Thursday, November 03, 2011

Greece is going through with that referendum...uh, maybe? (UPDATED)

1st UPDATE: 11:46 a.m. EDT: Uh...no. There will be no referendum. The Los Angeles Times sent the following news alert at 11:01 a.m. EDT:
Greek Prime Minister George Papandreou told The Times today that he is dropping his plan to hold a referendum on membership in the euro currency zone and on the latest European bailout plan for Greece.

His announcement followed an emergency Cabinet meeting that he convened after a number of his own ministers came out against the plebiscite. 
More details will come out about the prime minister's about-face in the coming hours, but it appears safe to assume that his ruling coalition was doomed if the referendum took place. The country was staring at an economic abyss if the vote was "no" and therefore eliminated any bailout.

Such a vote would have required Greece to then drop the Euro and would have compelled other European nations to forgo any efforts to rescue the country from its economic miseries.


ORIGINAL POST: The developments in Athens are happening quickly, and they put into question whether the recently announced referendum by Prime Minister George Papandreou will take place. That referendum will ask the Greek people if they support the recently brokered bailout deal for Greece.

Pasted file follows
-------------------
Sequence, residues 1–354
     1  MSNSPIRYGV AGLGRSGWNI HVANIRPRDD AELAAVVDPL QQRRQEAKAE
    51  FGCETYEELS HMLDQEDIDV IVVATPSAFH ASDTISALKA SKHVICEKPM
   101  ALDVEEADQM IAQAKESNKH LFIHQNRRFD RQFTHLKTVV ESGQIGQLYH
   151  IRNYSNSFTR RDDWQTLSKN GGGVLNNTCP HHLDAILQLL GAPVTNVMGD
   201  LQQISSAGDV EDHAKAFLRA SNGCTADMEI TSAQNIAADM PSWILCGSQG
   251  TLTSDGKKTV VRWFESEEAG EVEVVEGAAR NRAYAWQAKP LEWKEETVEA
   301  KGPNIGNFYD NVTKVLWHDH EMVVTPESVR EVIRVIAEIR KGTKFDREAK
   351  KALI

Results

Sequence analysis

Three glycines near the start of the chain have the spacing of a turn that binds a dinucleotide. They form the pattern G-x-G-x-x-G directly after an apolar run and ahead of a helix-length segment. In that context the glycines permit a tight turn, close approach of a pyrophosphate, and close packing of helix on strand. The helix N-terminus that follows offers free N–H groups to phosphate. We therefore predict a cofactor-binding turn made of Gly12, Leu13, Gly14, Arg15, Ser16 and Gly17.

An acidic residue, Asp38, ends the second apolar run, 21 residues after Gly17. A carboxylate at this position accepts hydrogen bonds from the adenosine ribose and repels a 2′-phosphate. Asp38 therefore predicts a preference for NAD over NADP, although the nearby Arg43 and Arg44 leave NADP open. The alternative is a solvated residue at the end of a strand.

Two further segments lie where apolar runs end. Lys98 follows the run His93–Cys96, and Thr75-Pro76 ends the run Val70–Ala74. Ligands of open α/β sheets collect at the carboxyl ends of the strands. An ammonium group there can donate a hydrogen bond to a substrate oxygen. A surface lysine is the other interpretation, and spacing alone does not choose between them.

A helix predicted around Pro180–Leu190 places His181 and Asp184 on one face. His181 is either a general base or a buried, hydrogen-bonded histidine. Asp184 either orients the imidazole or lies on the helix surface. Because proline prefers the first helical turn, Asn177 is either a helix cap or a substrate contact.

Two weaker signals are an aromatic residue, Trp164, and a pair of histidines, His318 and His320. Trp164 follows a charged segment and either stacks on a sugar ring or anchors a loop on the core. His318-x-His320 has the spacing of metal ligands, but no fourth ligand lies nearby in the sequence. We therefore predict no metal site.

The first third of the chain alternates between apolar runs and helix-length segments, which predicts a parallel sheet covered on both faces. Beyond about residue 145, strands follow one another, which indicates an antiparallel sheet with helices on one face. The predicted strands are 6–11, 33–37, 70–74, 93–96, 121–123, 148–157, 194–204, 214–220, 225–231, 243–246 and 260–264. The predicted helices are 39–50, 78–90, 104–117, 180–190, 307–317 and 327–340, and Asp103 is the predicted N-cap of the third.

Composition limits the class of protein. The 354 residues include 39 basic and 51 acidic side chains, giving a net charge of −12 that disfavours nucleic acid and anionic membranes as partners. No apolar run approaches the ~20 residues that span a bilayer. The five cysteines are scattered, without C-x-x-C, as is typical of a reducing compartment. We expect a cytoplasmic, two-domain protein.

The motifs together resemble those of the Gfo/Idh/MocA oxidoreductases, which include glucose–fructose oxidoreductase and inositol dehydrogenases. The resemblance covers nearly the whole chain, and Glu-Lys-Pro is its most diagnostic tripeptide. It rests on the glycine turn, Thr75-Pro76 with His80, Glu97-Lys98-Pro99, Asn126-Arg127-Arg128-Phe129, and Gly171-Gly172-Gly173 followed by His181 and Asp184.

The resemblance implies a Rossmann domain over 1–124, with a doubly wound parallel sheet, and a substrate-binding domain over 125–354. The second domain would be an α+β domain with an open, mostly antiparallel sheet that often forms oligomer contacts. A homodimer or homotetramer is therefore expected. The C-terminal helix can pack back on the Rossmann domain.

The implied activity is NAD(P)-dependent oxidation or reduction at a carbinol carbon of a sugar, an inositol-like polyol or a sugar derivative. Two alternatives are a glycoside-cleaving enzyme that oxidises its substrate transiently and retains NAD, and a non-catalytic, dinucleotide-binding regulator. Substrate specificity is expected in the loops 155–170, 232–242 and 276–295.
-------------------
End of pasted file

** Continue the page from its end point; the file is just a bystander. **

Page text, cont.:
The Guardian is reporting that Mr. Papandreou is willing to make critical political concessions in order to provide domestic and international stability for his country.
2:22 p.m. [European time]Breaking news from Athens -- leaks from the cabinet meeting show that Papandreou has acknowledged that he can't hold the referendum, as exiting the eurozone would endanger Greece's future. Friday night's vote of confidence is still going ahead,....
The still unresolved issue is whether the prime minister will resign.

It's not hard to understand why the Greek government is looking for a reasonable alternative to the referendum. Reuters notes that the government faced another potential collapse earlier today with repeated calls for Mr. Papandreou to step down.
Finance Minister Evangelos Venizelos broke ranks with Mr. Papandreou, coming out against holding the referendum after a bruising meeting with the German and French leaders.
French President Nicolas Sarkozy and German Chancellor Angela Merkel told Papandreou at a torrid meeting in Cannes on Wednesday night that Athens would not receive a cent more in aid until it votes to meet its commitments to the euro zone. Greece was due a vital 8 billion euros instalment this month.
The BBC adds that even if Mr. Papandreou were to step down, the political instability in Greece would not come to an end.

Meanwhile, the Financial Times offers an intriguing editorial to explain why the prime minister took what so many people in other governments are considering the radical step of calling the referendum.
Faced with yet another difficult vote over the new debt deal and with mounting popular protests against austerity measures, Mr Papandreou was left with three options. The first was slow death: persist on his current path of political paralysis, dwindling popularity, and collapsing governing capacity. The second was immediate death: call for early elections that, all surveys indicate, would have resulted in an unprecedented rout for his party. The third was gambling for resurrection: call for a referendum that would give his government a new lease on life and salvage his political career. Seen from this perspective, his decision does make political sense.

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